Sultana's Dream

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Sultana's Dream
September 2011


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In this issue Nur Shkembi introduces us to the world of Contemporary Turkish Miniature Art.


Turkish miniature artist, Gulay Pelin, is recognised as one of Australia’s most unique miniature artists. Through her contemporary interpretations, Pelin draws on the rich symbolism of the traditional miniature, the time-honoured techniques of paper marbling (ebru) and the illumination or gilding techniques of the Ottoman style 'tezhip'. By fusing traditional and contemporary styles of miniature art, the viewer is captivated and drawn into exploring further.  

The award-winning Sydney artist has a BA degree with 1st class Honors in Manuscript Arts from Dokuz Eylul University, Turkey. Traditional Turkish motifs and Ottoman Calligraphy inspire her use of rich colours and gold leaf; her contemporary miniatures are exhibited both locally and internationally. Recently Pelin was selected as the feature artist at the 2011 'International Miniature and Illumination Festival' in Algeria.   

To find out more about Gulay Pelin's work visit:

 Featured Images:

“From Vav to Alif” 2009 (30 x 30cm)

Pelin describes this work as the story of our natural life cycle through the visual beauty of calligraphy and pattern. Vav is used here in the Sufi tradition of representing birth (through the human embryo) while the letter Alif signifies the seemingly rigid appearance of our physical death. These symbolic meanings are embedded within the beauty of traditional-style Arabic calligraphy; the viewer is invited to contemplate our mortal existence through this spiritually informed and visually engaging work.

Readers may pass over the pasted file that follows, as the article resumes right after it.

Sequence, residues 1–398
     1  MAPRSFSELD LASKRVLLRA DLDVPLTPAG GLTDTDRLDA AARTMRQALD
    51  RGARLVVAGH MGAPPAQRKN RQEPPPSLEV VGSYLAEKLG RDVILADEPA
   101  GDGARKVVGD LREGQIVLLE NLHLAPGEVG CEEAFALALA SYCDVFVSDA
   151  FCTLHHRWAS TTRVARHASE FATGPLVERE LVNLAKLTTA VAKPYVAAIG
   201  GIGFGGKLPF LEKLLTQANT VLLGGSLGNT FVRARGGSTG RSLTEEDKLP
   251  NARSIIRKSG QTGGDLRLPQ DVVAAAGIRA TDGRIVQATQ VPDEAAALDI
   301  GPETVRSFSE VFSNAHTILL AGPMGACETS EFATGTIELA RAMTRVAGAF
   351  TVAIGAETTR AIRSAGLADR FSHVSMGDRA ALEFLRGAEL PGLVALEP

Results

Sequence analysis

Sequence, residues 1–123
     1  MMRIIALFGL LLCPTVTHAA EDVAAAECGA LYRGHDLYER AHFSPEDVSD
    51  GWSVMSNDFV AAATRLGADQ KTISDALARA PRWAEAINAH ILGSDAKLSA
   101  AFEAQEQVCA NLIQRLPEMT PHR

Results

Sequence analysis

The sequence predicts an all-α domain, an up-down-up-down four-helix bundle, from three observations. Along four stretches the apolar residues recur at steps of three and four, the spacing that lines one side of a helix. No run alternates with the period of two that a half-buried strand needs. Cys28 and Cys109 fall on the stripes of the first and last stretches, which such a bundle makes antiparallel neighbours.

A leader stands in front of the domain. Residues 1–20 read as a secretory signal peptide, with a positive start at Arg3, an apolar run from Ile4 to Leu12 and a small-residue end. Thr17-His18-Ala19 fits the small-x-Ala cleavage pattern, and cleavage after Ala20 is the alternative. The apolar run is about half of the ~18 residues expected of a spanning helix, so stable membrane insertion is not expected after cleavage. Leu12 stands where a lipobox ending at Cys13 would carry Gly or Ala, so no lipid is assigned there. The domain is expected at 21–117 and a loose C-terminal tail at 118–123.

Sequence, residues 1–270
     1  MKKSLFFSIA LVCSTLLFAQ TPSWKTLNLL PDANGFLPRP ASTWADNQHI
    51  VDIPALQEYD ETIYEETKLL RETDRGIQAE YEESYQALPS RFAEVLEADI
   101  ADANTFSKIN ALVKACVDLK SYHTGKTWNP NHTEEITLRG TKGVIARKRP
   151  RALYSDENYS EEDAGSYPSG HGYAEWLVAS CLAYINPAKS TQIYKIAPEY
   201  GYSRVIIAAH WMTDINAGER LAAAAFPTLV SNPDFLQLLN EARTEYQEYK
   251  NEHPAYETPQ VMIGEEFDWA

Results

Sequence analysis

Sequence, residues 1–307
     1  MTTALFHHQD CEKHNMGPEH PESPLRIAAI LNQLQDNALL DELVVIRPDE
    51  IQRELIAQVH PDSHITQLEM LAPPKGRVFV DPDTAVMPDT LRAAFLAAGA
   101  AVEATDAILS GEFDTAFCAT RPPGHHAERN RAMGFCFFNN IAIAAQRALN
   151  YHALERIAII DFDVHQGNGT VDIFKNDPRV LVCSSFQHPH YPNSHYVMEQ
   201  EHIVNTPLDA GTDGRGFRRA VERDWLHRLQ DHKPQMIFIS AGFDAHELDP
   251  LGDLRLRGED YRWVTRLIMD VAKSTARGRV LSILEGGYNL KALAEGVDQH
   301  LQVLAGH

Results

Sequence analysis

“Sydney” 2008 (29 x 35cm)

Pelin migrated from Turkey to Sydney, Australia in 2002. Like most immigrants, she wanted to find a 'place' in her new homeland. Her sense of finally belonging is depicted in her detailed contemporary-styled miniature Sydney and we are able to enjoy a 'bird's eye view' of the newly embraced, intimate space of the artist.   

“Rise of the Simurgh” 2010 (28 x 34cm)

This elegant hand-marbled (ebru) work is cleverly layered with powerful imagery stemming from the artist’s Turkish heritage. An outline of the famous Sultan Ahmet (Blue Mosque) in Istanbul and a beautifully imposing tulip are entwined with an interpretation of the simrugh (also known as the “30 birds”, or an “ascending mystical eagle-like creature”). The simurgh is often referred to in mythological tales throughout the Middle East, Iran and Turkey.

Since her arrival in Australia, Pelin has been drawn to reading and learning about the Aboriginal Dream Time. Many Indigenous Australians refer to the time of  'Creation' as 'The Dreaming'. This miniature is meant as a tribute to the Aboriginal Dream Time as well as a celebration of the wonderment of storytelling and aspects of Pelin’s past life.
Nur Shkembi

Nur Shkembi is a Melbourne-based contemporary artist and Arts Officer at the Islamic Council of Victoria.